Orographic Influence on Basic Flow and Cyclone Circulation and Their Impacts on Track Deflection of an Idealized Tropical Cyclone

Yuh-Lang Lin Department of Physics, and Department of Energy and Environmental Systems, North Carolina A&T State University, Greensboro, North Carolina

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Shu-Hua Chen Department of Land, Air, and Water Resources, University of California, Davis, Davis, California

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Liping Liu Department of Mathematics, North Carolina A&T State University, Greensboro, North Carolina

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Abstract

A series of idealized numerical experiments and vorticity budget analyses is performed to examine several mechanisms proposed in previous studies to help understand the orographic influence on track deflection over a mesoscale mountain range. When an idealized tropical cyclone (TC) is embedded in a uniform, easterly flow and passes over a mountain with a moderate Froude number, it is deflected to the south upstream, moves over the mountain anticyclonically, and then resumes its westward movement. The vorticity budget analysis indicates that the TC movement can be predicted by the maximum vorticity tendency (VT). The orographic effects on the above TC track deflection are explained by the following: 1) Upstream of the mountain, the easterly basic flow is decelerated as a result of orographic blocking that causes the flow to become subgeostrophic, which advects the TC to the southwest, analogous to the advection of a point vortex embedded in a flow. The VT is primarily dominated by the horizontal vorticity advection. 2) The TC passes over the mountain anticyclonically, mainly steered by the orographically generated high pressure. This makes the TC move southwestward (northwestward) over the upslope (lee slope). The VT is mainly contributed by the horizontal vorticity advection with additional contributions from vorticity stretching and the residual term (which includes friction and subgrid turbulence mixing). 3) Over the lee slope and downstream of the mountain, the northwestward movement is enhanced by asymmetric diabatic heating, making the turning more abrupt. 4) Far downstream of the mountain, the VT is mainly contributed by the horizontal vorticity advection.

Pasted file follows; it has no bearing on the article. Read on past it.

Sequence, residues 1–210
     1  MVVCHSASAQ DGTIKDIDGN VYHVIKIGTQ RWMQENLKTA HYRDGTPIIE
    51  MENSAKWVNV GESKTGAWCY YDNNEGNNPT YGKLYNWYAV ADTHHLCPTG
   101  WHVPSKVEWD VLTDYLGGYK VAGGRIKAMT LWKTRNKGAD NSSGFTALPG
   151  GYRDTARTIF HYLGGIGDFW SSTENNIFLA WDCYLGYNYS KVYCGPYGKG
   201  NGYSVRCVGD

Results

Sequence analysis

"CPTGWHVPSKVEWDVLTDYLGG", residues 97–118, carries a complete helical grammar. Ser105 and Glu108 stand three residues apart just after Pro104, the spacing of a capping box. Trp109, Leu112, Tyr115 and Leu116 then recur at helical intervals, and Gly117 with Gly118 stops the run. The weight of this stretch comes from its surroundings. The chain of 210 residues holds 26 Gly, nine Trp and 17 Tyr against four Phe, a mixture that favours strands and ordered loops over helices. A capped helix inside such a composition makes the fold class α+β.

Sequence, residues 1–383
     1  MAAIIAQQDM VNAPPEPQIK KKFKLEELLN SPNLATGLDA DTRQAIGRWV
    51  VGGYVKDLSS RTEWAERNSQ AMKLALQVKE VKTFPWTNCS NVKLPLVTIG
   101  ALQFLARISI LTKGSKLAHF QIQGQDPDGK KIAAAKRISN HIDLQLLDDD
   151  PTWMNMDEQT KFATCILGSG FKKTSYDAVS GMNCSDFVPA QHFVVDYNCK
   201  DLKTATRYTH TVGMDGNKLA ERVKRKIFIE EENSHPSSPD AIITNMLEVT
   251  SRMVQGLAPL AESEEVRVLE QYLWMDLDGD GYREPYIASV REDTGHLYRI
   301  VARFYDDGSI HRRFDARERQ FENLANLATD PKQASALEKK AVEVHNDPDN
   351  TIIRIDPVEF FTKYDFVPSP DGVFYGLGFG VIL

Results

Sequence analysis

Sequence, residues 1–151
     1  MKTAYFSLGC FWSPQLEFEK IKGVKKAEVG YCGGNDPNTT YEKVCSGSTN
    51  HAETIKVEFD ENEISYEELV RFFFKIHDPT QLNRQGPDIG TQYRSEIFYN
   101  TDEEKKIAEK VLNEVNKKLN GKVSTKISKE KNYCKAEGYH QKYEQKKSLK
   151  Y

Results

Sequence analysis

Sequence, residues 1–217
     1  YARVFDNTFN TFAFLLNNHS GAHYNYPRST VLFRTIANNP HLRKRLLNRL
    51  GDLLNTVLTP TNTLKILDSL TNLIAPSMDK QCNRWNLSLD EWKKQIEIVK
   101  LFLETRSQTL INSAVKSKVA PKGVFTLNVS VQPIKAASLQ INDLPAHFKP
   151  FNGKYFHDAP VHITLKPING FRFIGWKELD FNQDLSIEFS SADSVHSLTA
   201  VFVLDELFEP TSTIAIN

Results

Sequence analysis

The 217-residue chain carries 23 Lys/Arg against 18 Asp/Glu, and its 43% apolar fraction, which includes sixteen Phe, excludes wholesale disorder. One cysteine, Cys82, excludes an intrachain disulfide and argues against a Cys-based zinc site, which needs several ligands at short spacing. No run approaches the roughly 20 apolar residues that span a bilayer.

Corresponding author address: Dr. Yuh-Lang Lin, EES, North Carolina A&T State University, 302H Gibbs Hall, 1601 E. Market St., Greensboro, NC 27411. E-mail: ylin@ncat.edu

Abstract

A series of idealized numerical experiments and vorticity budget analyses is performed to examine several mechanisms proposed in previous studies to help understand the orographic influence on track deflection over a mesoscale mountain range. When an idealized tropical cyclone (TC) is embedded in a uniform, easterly flow and passes over a mountain with a moderate Froude number, it is deflected to the south upstream, moves over the mountain anticyclonically, and then resumes its westward movement. The vorticity budget analysis indicates that the TC movement can be predicted by the maximum vorticity tendency (VT). The orographic effects on the above TC track deflection are explained by the following: 1) Upstream of the mountain, the easterly basic flow is decelerated as a result of orographic blocking that causes the flow to become subgeostrophic, which advects the TC to the southwest, analogous to the advection of a point vortex embedded in a flow. The VT is primarily dominated by the horizontal vorticity advection. 2) The TC passes over the mountain anticyclonically, mainly steered by the orographically generated high pressure. This makes the TC move southwestward (northwestward) over the upslope (lee slope). The VT is mainly contributed by the horizontal vorticity advection with additional contributions from vorticity stretching and the residual term (which includes friction and subgrid turbulence mixing). 3) Over the lee slope and downstream of the mountain, the northwestward movement is enhanced by asymmetric diabatic heating, making the turning more abrupt. 4) Far downstream of the mountain, the VT is mainly contributed by the horizontal vorticity advection.

Corresponding author address: Dr. Yuh-Lang Lin, EES, North Carolina A&T State University, 302H Gibbs Hall, 1601 E. Market St., Greensboro, NC 27411. E-mail: ylin@ncat.edu
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